The privacy landscape in Canada is quickly evolving. For example, Quebec is modernising its privacy laws to impose new cross-border transfer requirements, which will come into force in 2023. These would require a prior impact assessment, along with a sense of whether the information will receive adequate protection in the jurisdiction to which it is being transferred. Parties would also have to enter into agreements to mitigate identified risks.
Finally, parties should be aware that information submitted to regulatory authorities in Canada may be subject to freedom of information requests, or to the sharing of dossiers under international agreements. Canada is a member of a number of mutual recognition agreements that may involve the exchange of information, especially with regard to good manufacturing practice. Those marketing a drug in Canada are required to submit information to Health Canada, along with known actions taken in foreign countries (Section C.01.050 of the Food and Drug Regulations). Further, Health Canada will accept foreign assessments and status reports in support of a manufacturer’s submissions for regulatory approval; agreements often provide for this.
IP ownership and sharing
A cross-border transaction often gives rise to important IP concerns. Unlike in China, Canada does not have mandatory IP ownership and sharing provisions, for example, regarding human genetic resources. Ownership in Canada derives from inventorship and the relationship that inventors have with third parties. Joint inventors of a patent, absent an express agreement to the contrary, will have an equal undivided interest in the patent and one cannot dilute the other’s interest without prior consent or accounting to the other inventors/owners.
Further, in general, Canada does not require Canadian inventors or inventions made in Canada to be filed domestically first, nor does Canada require prior notifications or permissions or regulatory licences. Some exemptions apply, for instance regarding inventions relating to instruments or munitions of war or nuclear energy, or where the inventor is a member of the public service. The Public Servants Inventions Act imposes certain requirements on government employees to inform the appropriate minister of the invention, obtain consent from that minister prior to filing a foreign patent application, and identify the inventor as a government employee in any application in Canada. When sharing data between jurisdictions in a collaboration, keeping track of where developments are made, where information is kept and which laws apply regarding inventorship and ownership is important and should be addressed in due diligence, and in the IP representations and warranties and operational provisions of Agreements.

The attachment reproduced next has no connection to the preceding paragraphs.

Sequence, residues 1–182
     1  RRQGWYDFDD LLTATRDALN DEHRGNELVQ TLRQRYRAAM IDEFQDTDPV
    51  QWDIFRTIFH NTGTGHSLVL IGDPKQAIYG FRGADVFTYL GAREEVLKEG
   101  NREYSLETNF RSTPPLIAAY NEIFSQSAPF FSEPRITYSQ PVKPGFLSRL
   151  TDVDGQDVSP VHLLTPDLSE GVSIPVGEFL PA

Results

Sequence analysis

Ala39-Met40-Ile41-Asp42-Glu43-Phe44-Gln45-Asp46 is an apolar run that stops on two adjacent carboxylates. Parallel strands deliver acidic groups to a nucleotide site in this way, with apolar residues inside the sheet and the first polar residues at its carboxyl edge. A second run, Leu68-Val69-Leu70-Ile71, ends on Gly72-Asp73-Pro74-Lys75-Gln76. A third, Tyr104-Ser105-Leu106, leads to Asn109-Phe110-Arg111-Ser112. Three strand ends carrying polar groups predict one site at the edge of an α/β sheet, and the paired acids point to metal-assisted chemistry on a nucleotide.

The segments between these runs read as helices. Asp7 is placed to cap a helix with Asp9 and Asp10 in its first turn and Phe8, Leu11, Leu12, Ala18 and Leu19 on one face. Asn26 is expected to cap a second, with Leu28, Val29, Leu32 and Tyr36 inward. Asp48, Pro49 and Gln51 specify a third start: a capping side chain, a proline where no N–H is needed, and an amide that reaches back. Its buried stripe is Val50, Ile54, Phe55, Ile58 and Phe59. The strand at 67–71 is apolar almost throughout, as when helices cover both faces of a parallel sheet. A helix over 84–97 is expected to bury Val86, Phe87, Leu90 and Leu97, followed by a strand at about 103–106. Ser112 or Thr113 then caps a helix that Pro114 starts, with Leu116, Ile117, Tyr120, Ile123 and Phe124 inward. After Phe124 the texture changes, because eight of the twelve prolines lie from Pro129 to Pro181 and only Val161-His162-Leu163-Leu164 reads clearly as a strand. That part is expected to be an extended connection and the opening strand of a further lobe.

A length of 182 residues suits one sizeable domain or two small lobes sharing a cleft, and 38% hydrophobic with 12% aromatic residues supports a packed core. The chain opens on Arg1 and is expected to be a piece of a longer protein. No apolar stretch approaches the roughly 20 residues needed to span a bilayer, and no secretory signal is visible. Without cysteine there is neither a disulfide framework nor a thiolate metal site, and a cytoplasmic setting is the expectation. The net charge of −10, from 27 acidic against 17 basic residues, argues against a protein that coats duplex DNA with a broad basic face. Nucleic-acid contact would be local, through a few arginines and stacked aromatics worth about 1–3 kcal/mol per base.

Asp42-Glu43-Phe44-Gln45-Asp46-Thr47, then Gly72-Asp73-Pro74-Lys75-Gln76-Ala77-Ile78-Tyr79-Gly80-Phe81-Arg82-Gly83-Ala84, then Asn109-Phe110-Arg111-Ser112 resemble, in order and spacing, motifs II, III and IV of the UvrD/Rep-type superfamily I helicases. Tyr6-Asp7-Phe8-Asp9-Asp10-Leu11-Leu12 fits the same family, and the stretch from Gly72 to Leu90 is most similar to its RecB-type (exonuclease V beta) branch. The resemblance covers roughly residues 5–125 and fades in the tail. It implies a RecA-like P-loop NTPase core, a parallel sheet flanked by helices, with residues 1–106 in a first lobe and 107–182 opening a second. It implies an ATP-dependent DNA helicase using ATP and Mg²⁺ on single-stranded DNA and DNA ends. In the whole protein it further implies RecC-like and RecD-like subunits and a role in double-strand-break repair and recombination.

Under the data protection provisions of Section C.08.004.1 of the Food and Drug Regulations (which came into force on 5 October 2006 and which apply to drugs that received market authorisation on, or after, 17 June 2006), Canada provides eight years of market exclusivity for an ‘innovative drug’. In other words, one containing a medicinal ingredient not previously approved in a drug by Health Canada, and that is not a variation of a previously approved medicinal ingredient (eg, a salt, ester, enantiomer, solvate or polymorph). The term is extended by six months to 8.5 years in cases where the innovative drug manufacturer generates data related to the drug's use in a paediatric population, prior to the fifth anniversary of the initial drug approval. Under the data protection provisions, a third party cannot file a drug submission on the basis of a direct or indirect comparison to an innovative drug, until six years after the date of first market authorisation. Canada’s provisions comply with their international obligations under the United States-Mexico-Canada Agreement, Article 39 of the TRIPs Agreement and the Canada-European Union Comprehensive Economic and Trade Agreement.
This is an insight article whose content has not been commissioned or written by the IAM editorial team, but which has been proofed and edited to run in accordance with the IAM style guide.